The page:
“Knowing how, when, and why to say what to whom”
These ten words state the purpose for studying another language.
Effective person to person interaction encompasses linguistic and social knowledge – two components of the world language classroom. The contemporary organizing principle for world language study is communication; grammar and vocabulary are tools in acquiring the skill to communicate effectively with native speakers in other languages.
According to the American Council on the Teaching of Foreign Languages (ACTFL), there are five C’s that identify foreign language education: Communication, Cultures, Connections, Comparisons, and Communities.
Communication is at the heart of second language study, reflected in the four skills of speaking, reading, writing, and listening.
Through the study of other languages, students gain a knowledge and understanding of cultures in which the language is spoken. These cultures differ from the student’s own background, and so introduce him/her to a new way of thinking, a new way of looking at life. Such a perspective may lead to fresh problem solving approaches.
Learning languages provides connections to bodies of knowledge that may be unavailable to the monolingual speaker, where meaning is sometimes lost in translation. Connections are also made in recognizing that, although different in some ways, we all belong to one human family.
Through comparisons and contrasts with the language being studied, students come to realize that there are multiple ways of viewing the world – a necessary and critical skill in the global world of the 21st century.
Seen together, these first four elements enable the student of languages to participate in multilingual communities in a variety of contexts in culturally appropriate ways.
Language and communication are at the heart of the human experience. We travel the distance of centuries through literature. Through discussion, we connect with one another and share mutual interests; in so doing, we enhance one another’s knowledge of a subject. Thus the goal of today’s foreign language classroom is language acquisition for communication in meaningful and appropriate ways with speakers of other languages.
World Language Curriculum
Moore Catholic Offers Italian and Spanish:
The Level I language course introduces the student to the world language. The student is initiated to the four complementary language skills of speaking/listening, reading/writing. These skills are introduced in a cultural context. The aim of the course is to provide students with basic skills required to communicate effectively with native speakers. The language classroom provides daily opportunities for students to use the target language in settings correlated to real situations. Technology reinforces the practice of grammar and structure in the particular language.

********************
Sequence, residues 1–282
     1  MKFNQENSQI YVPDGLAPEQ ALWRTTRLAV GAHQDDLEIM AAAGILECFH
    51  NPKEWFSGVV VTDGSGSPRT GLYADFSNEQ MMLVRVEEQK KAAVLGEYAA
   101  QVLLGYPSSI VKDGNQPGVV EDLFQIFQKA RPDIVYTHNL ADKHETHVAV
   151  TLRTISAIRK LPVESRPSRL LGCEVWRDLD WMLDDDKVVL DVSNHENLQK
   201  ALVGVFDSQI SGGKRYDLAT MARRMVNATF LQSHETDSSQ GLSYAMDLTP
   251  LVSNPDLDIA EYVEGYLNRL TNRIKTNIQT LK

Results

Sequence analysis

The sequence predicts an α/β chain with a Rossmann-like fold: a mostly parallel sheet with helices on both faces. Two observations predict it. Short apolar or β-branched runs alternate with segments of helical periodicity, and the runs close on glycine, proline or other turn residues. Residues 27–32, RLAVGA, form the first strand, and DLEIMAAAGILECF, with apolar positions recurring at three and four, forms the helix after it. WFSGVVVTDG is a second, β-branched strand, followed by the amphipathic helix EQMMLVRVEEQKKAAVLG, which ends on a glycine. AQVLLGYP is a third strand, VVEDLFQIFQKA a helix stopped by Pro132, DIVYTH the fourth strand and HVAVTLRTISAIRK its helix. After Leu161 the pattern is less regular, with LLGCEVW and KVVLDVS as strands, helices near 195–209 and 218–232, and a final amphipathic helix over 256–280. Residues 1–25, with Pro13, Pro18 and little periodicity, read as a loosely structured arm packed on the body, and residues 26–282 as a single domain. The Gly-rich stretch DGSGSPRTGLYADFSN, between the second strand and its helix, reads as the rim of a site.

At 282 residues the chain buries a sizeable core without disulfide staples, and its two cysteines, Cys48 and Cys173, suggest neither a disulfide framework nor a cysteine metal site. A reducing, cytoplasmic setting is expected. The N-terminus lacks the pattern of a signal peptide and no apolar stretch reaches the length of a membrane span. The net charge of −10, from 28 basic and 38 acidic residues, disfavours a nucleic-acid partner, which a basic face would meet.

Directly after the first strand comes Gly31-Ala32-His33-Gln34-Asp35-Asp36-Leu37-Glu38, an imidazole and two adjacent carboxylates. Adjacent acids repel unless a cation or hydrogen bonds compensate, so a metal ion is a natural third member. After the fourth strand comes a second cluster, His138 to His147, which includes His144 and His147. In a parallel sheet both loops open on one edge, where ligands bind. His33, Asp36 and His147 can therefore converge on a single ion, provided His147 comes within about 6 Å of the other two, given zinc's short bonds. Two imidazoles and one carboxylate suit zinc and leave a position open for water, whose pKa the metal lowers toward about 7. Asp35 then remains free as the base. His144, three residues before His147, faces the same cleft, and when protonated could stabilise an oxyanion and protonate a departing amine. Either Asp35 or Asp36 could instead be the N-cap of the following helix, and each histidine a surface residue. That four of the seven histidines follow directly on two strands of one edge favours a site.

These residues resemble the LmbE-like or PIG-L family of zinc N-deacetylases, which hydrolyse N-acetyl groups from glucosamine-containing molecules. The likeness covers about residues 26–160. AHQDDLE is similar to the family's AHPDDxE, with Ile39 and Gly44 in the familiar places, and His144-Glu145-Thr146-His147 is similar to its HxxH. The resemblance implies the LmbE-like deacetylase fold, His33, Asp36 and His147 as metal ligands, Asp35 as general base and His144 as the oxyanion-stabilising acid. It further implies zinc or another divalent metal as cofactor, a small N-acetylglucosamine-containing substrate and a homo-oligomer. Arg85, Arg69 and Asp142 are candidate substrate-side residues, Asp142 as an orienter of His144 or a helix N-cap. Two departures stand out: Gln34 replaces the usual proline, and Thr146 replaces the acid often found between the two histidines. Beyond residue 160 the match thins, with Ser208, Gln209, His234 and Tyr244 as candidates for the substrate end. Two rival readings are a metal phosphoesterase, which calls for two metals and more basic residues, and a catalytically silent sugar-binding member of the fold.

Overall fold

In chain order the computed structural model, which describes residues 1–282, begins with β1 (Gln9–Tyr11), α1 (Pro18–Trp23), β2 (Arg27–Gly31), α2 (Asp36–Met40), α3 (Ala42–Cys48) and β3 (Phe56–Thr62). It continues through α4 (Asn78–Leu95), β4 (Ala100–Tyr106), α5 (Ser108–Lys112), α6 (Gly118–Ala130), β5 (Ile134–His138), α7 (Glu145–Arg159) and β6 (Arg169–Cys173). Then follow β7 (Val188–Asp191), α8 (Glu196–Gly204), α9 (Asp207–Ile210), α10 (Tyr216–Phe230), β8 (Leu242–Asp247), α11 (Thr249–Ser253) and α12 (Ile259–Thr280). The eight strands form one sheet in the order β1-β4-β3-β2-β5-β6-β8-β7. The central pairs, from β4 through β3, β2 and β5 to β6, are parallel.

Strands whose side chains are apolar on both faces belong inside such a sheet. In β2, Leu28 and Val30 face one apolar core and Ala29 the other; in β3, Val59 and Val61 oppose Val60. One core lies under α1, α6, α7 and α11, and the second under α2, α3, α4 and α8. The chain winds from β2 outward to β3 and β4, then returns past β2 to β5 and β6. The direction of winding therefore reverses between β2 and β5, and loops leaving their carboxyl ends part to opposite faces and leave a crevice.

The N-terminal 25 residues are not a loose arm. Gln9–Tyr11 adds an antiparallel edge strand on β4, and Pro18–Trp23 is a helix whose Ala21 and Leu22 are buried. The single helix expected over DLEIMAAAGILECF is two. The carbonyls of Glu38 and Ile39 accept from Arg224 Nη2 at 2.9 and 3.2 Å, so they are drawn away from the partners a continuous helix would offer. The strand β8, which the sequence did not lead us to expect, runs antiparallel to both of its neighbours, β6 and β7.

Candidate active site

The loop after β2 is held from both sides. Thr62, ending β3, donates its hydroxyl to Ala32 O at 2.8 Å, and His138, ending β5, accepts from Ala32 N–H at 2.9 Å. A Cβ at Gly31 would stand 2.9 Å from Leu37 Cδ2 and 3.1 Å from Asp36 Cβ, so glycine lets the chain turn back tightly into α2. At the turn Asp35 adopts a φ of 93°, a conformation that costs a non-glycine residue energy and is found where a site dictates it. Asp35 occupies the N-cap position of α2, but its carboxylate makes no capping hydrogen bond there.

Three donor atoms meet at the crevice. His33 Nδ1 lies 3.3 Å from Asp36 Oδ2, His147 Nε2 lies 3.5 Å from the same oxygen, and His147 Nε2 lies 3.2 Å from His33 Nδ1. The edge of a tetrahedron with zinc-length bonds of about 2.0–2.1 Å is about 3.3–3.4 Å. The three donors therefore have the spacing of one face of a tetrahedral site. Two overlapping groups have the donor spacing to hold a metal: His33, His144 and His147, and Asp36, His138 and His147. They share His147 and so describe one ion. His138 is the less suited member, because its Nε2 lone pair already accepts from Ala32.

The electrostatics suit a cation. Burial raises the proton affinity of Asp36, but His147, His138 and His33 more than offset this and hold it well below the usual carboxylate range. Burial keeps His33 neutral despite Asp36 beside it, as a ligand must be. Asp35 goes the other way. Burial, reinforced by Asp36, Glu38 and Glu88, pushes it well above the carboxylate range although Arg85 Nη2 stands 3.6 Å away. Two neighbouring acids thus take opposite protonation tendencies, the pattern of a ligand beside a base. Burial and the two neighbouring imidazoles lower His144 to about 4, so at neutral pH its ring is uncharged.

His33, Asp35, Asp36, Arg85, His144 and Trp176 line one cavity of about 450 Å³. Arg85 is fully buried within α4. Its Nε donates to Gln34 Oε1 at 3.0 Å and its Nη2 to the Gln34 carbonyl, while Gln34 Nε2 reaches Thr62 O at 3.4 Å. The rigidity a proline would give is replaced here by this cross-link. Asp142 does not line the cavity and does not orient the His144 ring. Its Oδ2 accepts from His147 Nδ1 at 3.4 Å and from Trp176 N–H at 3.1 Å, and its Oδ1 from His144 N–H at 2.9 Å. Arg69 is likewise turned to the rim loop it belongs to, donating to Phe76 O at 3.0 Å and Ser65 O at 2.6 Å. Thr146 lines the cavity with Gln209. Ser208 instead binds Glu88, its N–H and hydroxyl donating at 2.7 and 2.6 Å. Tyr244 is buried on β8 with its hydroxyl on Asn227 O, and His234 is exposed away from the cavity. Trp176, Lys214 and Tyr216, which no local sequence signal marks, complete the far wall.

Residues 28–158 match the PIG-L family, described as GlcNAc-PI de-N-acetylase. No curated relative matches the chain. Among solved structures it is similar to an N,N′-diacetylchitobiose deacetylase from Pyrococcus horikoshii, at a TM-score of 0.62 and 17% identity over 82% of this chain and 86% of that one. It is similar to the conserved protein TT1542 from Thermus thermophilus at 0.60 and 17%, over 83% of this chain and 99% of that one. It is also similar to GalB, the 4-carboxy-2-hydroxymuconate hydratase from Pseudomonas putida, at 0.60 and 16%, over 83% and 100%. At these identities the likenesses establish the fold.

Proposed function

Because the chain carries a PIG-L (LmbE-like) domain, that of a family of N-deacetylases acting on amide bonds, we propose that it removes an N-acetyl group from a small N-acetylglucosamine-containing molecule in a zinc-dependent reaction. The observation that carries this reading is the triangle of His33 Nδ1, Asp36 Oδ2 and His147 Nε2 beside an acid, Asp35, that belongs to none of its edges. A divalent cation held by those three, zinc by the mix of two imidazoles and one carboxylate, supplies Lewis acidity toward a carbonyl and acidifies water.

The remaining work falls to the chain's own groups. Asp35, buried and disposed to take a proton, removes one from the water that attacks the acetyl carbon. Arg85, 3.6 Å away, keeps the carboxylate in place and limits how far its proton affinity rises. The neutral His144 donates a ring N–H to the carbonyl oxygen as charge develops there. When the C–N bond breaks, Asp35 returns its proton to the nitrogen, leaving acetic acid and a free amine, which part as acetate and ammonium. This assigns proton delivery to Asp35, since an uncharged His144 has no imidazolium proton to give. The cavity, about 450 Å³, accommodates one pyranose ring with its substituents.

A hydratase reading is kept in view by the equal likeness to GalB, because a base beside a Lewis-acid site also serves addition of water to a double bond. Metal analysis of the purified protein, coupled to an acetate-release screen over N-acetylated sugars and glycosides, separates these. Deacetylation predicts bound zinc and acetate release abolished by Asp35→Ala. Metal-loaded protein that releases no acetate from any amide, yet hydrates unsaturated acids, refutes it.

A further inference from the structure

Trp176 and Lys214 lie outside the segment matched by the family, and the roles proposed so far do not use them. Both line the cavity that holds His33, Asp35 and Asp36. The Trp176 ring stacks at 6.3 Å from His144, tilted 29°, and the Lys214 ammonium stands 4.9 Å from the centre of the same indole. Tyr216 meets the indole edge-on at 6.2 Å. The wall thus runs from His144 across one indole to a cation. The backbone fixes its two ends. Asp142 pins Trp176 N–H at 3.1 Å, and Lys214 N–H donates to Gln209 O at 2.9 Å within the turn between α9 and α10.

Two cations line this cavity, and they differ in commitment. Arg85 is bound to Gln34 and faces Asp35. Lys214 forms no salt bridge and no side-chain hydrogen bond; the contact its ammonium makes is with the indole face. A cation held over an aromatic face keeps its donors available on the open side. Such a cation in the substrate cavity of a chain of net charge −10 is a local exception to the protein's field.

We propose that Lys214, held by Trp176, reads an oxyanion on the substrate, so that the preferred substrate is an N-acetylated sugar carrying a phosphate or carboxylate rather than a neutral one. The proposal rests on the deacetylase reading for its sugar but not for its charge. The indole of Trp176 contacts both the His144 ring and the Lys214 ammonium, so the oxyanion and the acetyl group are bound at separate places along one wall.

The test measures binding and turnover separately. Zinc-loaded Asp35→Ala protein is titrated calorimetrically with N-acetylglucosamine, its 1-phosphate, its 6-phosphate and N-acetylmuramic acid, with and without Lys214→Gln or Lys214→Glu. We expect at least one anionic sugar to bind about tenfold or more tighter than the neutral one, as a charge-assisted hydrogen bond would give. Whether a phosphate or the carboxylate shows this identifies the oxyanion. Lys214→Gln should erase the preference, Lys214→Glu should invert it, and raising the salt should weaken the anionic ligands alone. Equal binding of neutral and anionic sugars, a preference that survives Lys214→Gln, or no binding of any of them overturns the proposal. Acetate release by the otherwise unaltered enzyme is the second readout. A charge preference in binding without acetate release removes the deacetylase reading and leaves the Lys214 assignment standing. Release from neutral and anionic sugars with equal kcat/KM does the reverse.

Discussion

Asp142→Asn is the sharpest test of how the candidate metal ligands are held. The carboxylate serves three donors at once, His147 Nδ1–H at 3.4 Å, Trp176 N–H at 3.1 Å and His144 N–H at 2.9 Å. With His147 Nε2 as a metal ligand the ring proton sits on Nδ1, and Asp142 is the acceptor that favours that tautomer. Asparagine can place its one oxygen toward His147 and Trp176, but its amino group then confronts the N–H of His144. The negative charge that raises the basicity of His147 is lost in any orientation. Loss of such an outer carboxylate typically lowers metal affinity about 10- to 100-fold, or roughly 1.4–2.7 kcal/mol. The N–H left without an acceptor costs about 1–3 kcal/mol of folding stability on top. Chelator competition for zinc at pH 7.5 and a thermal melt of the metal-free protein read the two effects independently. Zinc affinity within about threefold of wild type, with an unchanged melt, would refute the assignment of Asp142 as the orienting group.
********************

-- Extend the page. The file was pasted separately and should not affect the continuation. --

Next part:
This course reinforces the Level I curriculum by building on vocabulary topics previously introduced. The four language skills are enhanced through the use of dialogs and readings followed by discussion and writing. Cognates and idioms are incorporated into language use. Technology is used to perfect accents and listening skills, as well as to make cultural connections. The aim of the course is to produce speakers who are effective and accurate communicators with native speakers of the language.
Level III is an upper/intermediate level course. The aim is to provide students with the assurance and confidence to use the language independently, outside of the classroom. Advanced vocabulary is added to the foundational vocabulary that students have mastered. The language skills of speaking/listening, reading/writing are used to explore the traditions and cultures of countries where the language is spoken. Technology increases students’ awareness of cross-cultural understandings through visual images and auditory comprehension of speakers of various backgrounds.
Level IV is an advanced level course that uses research projects, seminar presentations, and literary portfolios for assessment. The aim is for each student to achieve communicative competence as an independent user of the language. This goal is accomplished through the study of the target language in various communities where it is spoken. Students collaborate to produce paired dialogs that mirror real-life use of the language; they role play to enhance vocabulary. In order to make connections between cultures, cognates are stressed. Literary selections that image shared identities are read and discussed. Author studies, and the lens of history, provide a background for the exploration of culture and civilization to complete the four year sequence.
The Language Department sponsors an International Club. All interested students may participate. There are film and food offerings, as well as presentations, and celebrations for various festivities such as Chinese New Year, and Cinco de Mayo.